“We commend the international community that has bound together in global solidarity to defeat the pandemic. I must congratulate the World Health Organization (WHO) for its stewardship of the global response to fighting the COVID-19 pandemic.
“We as CARICOM states reaffirm our support for the WHO framework ‘Access to COVID-19 Tools Accelerator (ACT-A).’ This global collaborative framework provides a solid global response to defeat the pandemic by the rapid development, scale up and equitable distribution of COVID-19 vaccines, therapeutics and diagnostics, underpinned by the strengthening of our health systems. Instead of nationalism, we need global cooperation in the fight to defeat COVID-19.”
Dr. Harris commended the all of society approach that worked so very well in the context of St. Kitts and Nevis. He said every stakeholder group has played their role in combating COVID-19 in St. Kitts and Nevis.
“The world needs all Nations, large and small, to work together for mutual success,” said Dr. Harris.
St. Kitts and Nevis and COVID-19 Pandemic
“St. Kitts and Nevis has been successful in containing the spread of the COVID-19 within its borders,” said Dr. Harris. “Our twin-island Federation has been fortunate to record a low infection rate, with zero deaths, and we have an R-value below 1. We have a success story to tell the rest of the world.”
The Prime Minister attributed St. Kitts and Nevis’s success to:
“The implementation of a national response mechanism comprising of the establishment of a national emergency coordination committee, the closure of our borders to non-essential travel, the imposition of restrictions on the physical movement of people within our borders, as well as the promotion of protective wear and a robust public awareness campaign, all of which played an exceptional role in our considerable success.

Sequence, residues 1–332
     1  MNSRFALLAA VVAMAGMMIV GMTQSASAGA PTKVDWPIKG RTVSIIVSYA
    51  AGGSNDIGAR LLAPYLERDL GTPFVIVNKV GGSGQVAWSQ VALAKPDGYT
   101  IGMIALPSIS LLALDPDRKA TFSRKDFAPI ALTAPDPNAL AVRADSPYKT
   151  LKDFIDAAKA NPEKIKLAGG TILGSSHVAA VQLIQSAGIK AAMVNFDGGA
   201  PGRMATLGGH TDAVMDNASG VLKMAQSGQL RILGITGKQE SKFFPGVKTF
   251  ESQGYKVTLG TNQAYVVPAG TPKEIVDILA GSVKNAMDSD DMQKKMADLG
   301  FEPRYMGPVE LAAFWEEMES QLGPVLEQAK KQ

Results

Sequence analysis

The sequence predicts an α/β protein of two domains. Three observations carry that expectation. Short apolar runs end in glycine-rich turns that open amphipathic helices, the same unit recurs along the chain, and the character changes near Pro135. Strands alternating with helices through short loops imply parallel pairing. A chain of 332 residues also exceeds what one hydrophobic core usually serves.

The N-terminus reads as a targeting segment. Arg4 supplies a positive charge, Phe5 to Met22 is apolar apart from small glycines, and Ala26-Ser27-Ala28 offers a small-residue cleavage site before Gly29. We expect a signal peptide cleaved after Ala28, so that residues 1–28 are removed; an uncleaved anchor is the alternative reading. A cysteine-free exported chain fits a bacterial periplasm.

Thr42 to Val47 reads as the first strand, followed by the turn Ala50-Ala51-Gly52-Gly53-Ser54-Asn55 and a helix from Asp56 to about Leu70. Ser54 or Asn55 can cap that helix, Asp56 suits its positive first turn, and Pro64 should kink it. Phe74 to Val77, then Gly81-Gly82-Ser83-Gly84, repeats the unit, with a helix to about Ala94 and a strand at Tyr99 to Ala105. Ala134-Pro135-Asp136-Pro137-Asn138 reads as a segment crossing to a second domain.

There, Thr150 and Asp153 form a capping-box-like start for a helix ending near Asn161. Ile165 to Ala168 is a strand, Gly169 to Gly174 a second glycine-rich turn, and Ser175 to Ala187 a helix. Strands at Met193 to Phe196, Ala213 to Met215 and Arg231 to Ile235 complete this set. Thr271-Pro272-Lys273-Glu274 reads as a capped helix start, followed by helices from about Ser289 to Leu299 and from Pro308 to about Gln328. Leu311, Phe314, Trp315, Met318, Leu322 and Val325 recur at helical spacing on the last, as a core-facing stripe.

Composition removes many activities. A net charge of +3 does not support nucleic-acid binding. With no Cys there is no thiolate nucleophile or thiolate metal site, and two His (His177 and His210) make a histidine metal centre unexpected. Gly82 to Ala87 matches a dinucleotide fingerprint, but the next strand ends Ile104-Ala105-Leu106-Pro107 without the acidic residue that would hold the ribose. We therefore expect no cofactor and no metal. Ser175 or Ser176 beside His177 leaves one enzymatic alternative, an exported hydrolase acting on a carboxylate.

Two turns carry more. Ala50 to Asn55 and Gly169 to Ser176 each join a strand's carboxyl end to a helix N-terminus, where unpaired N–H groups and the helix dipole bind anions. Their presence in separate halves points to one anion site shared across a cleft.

“COVID-19 reminds us that our fight to eliminate non-communicable diseases must be stepped up. People living with NCDs are at higher risk of contracting COVID-19 and are amongst the most affected by the disease.
“Climate Change, NCDs and COVID-19 are inter-linked symptoms that something is awry with planet earth.” said Dr. Harris.
“The novel coronavirus disease has disrupted international travel and tourism, global supply chains, industrial and commercial operations and created widespread unemployment everywhere,” explained Dr. Harris. “This unprecedented situation will inevitably stymie our chances of achieving Sustainable Development Goals.
Global Health Partnerships
The Prime Minister renewed his call for Taiwan’s inclusion in this international fraternity of Nations.
“The Republic of China (Taiwan) remains a valuable partner for peace, prosperity and development, with the fullest respect for the rule of international law,” said Dr. Harris. “Taiwan has stayed true to its longstanding traditions and has remained a true partner in the fight against COVID-19.
“We have seen first-hand Taiwan’s exemplary management of the pandemic within its own borders. We have been impressed quite frankly by its willingness to help vulnerable states all around the world.